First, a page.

As forces close, arrows may start flying. For a soldier who cannot bleed out, these will probably not kill without a freakishly unlikely shot to the brain, but they can still cut muscles and tendons and (if really unlucky) pierce lungs. Grazing hits and bruises will no longer be a threat, but getting an arrow stuck into a soldier will make them combat ineffective until the arrow is removed without damaging more tissue and the cut tissue heals. (For those whose knowledge of archery is limited to Hollywood or modern target archery - a soldier who has a warbow arrow sticking out of them is not going to just snap it off with one hand and keep going. Warbow arrows were really solid chunks of wood to withstand the force of being shot from really powerful bows.) So soldiers will still want armour and shields to protect themselves while closing.

Once the troops get to melee range the same provisions that apply to arrows apply to spears, swords and other stabbing / slashing weapons - less danger of bleeding out from shallow cuts, but damage to muscles will still make a soldier combat ineffective. Bashing weapons will also have reduced effectiveness - bruising is no longer a threat (depending on how quickly the bleeding is stopped) but broken bones will disable a soldier.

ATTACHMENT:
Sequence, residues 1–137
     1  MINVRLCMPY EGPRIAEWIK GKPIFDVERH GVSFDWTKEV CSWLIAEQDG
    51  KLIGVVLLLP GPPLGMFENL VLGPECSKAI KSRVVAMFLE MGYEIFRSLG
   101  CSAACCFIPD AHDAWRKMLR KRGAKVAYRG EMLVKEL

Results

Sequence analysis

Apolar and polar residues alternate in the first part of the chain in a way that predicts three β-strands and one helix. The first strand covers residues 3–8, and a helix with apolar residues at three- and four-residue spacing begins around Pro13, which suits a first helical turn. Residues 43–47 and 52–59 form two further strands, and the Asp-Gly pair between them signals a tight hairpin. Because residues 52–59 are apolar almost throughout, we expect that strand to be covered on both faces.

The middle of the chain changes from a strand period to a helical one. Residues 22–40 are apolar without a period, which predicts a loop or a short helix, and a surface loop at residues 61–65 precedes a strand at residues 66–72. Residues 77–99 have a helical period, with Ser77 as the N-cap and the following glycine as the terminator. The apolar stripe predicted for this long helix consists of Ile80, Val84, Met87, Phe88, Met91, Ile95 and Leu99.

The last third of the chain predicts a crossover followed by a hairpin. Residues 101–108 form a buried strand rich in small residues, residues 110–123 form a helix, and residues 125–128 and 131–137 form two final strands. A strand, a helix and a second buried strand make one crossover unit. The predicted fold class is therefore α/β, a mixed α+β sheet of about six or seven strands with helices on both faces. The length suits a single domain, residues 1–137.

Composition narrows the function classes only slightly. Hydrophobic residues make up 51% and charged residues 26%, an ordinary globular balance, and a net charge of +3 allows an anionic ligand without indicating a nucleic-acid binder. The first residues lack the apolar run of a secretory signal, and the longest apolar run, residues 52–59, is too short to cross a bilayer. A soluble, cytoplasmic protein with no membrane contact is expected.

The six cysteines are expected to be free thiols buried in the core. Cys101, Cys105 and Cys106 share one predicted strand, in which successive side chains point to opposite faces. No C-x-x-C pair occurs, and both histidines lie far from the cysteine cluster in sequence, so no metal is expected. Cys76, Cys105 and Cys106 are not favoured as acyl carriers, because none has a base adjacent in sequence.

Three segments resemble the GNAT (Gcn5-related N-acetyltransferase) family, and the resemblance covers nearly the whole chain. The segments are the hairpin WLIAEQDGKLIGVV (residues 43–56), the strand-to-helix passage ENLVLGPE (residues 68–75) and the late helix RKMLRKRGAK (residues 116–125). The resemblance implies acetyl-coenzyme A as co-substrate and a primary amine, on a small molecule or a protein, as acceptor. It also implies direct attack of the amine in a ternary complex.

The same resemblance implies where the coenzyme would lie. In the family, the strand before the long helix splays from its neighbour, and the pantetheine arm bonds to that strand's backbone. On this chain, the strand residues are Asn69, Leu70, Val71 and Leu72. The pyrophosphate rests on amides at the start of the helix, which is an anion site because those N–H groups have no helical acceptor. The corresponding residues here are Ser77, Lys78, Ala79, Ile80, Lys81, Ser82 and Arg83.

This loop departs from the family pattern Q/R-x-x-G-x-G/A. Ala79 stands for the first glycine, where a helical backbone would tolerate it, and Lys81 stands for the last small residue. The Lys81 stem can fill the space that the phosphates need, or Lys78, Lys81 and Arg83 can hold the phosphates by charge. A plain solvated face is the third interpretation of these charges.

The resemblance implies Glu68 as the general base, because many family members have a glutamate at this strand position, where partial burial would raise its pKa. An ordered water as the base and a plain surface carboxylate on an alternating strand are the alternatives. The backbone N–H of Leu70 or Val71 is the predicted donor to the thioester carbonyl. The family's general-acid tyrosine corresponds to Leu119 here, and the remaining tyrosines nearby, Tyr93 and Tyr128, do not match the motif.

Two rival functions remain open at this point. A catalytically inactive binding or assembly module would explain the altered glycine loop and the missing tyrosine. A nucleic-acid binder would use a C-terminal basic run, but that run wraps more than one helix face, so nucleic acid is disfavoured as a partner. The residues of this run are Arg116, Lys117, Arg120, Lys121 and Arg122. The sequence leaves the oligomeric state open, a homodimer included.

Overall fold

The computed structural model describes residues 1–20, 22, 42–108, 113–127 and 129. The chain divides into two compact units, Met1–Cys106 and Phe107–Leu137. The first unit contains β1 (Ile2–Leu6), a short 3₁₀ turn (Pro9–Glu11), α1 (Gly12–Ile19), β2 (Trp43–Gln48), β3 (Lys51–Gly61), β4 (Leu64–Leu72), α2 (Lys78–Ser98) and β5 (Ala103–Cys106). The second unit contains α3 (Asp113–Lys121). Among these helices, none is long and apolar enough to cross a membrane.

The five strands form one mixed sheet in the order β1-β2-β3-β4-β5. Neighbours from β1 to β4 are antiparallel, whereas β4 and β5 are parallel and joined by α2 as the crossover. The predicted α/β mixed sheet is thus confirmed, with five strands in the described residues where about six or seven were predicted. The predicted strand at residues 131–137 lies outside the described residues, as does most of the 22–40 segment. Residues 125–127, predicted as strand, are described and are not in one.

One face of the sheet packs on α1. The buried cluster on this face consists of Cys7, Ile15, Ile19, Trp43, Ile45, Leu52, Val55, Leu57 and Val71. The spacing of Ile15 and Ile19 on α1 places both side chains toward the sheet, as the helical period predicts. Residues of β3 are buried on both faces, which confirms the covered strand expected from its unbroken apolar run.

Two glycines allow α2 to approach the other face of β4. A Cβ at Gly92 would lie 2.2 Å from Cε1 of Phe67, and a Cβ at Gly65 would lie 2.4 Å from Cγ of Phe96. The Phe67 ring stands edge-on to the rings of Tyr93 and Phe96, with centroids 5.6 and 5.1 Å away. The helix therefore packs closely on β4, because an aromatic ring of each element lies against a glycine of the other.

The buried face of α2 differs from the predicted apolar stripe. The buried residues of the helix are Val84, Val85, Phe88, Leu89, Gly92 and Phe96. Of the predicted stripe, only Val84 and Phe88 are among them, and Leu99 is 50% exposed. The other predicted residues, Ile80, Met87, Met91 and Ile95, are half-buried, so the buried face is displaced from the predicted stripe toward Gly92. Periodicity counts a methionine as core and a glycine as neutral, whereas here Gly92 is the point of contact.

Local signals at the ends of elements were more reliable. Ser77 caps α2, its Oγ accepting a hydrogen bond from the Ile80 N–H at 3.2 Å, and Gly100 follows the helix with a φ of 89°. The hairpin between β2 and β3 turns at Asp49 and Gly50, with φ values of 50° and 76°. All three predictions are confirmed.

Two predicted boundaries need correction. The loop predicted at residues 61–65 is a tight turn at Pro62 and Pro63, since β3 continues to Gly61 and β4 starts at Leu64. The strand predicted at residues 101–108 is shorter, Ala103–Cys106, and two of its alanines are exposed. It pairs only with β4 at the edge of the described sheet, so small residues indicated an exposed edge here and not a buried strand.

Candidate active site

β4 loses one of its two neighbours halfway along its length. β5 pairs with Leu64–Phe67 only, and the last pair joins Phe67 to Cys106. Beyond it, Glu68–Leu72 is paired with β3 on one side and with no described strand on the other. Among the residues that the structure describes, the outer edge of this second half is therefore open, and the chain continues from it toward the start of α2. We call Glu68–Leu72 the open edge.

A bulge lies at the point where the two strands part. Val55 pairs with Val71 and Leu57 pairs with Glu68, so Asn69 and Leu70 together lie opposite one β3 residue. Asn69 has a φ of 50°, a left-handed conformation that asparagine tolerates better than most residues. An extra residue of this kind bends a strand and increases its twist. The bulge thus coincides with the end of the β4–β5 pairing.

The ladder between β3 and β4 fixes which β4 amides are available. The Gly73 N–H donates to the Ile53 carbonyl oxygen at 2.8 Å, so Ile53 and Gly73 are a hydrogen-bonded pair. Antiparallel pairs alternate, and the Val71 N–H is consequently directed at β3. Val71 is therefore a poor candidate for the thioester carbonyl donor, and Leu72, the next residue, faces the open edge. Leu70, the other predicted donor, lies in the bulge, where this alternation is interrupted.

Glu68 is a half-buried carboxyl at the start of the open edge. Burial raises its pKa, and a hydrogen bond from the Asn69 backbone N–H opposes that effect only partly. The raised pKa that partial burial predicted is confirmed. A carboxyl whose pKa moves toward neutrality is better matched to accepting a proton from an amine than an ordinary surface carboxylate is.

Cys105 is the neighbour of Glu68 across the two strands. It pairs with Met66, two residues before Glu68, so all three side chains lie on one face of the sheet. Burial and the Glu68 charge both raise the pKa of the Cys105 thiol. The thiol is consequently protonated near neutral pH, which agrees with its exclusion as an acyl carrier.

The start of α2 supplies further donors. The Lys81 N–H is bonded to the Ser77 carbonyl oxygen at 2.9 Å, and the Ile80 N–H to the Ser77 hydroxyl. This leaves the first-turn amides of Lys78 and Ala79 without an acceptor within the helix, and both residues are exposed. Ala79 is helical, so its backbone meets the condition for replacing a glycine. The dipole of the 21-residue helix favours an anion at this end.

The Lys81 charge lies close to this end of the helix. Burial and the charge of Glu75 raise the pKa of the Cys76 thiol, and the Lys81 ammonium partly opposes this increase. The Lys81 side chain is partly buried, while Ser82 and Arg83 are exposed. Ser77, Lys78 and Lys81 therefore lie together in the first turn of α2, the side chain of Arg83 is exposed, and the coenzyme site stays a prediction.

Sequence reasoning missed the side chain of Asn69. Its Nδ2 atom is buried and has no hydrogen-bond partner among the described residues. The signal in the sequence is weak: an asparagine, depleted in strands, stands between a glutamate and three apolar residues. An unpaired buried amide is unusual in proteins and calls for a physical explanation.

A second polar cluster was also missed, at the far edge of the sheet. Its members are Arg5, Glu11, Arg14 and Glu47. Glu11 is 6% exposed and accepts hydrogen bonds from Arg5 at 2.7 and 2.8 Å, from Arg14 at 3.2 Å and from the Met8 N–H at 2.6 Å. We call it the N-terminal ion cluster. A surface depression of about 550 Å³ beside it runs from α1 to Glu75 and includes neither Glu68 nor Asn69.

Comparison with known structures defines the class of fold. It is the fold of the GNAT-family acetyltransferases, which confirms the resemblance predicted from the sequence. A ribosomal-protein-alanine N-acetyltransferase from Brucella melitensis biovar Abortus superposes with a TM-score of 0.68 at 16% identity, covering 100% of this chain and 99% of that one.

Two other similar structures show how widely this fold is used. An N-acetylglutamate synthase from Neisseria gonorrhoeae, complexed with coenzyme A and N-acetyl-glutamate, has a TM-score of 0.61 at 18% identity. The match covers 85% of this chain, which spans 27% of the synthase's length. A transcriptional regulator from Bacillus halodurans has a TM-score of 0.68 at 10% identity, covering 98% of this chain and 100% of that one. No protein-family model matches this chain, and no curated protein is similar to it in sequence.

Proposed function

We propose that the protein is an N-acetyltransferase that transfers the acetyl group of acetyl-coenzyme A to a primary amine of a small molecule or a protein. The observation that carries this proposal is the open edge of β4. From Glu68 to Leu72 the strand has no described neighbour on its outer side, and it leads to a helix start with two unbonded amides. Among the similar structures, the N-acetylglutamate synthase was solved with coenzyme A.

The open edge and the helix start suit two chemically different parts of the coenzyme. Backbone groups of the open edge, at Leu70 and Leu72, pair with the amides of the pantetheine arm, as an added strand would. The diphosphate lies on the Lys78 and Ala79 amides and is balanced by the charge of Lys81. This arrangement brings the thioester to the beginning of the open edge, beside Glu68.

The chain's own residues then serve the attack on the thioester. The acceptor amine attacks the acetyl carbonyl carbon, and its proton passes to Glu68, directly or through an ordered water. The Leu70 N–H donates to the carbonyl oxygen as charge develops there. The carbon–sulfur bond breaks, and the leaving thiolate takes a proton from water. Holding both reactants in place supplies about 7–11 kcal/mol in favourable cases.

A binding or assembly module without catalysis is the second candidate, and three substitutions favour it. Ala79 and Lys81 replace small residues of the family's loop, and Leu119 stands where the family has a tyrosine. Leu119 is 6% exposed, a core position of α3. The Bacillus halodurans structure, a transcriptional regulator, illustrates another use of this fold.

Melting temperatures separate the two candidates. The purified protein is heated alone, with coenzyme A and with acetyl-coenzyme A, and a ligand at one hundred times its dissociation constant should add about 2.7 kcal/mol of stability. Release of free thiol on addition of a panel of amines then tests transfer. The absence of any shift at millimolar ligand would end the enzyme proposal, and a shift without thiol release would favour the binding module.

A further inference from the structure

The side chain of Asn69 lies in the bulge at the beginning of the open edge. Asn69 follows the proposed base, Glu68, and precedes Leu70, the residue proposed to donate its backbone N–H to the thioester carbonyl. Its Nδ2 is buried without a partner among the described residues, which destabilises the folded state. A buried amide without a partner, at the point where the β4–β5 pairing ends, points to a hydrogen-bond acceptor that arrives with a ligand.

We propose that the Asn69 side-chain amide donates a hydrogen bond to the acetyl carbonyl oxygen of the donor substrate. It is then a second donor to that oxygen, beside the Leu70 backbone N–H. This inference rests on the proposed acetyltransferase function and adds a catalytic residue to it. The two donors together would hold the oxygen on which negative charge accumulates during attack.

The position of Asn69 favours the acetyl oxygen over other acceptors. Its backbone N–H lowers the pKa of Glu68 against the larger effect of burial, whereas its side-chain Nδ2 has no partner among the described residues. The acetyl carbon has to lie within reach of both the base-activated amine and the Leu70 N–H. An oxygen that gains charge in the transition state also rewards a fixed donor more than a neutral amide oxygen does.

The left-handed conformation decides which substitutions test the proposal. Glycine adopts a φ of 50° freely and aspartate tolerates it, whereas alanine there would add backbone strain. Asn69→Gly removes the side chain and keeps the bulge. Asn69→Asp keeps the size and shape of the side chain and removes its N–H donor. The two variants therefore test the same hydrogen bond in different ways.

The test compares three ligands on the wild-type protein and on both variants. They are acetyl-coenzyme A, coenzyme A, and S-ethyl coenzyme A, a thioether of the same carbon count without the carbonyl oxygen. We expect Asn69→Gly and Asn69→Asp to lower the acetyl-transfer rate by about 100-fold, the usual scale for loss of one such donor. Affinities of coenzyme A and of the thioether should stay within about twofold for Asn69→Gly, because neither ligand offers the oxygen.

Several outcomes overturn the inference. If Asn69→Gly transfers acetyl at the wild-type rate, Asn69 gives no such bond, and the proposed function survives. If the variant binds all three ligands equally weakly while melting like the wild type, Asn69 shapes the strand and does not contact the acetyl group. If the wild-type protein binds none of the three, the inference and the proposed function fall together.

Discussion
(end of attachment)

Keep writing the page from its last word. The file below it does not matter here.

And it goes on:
In short, the same weapons will still be used in the same way with the same tactics. The big difference may be at the end of the battle rather than during it.

  • Most soldiers on both sides will still be alive and uncrippled. Crushed lower spines will account for most of the cripples, crushed skulls or upper spines will account for most of the kills. (Decapitation or chopping clean through a limb was uncommon in battle.)
  • Far more injured (enhanced) soldiers will be able to run away than would otherwise.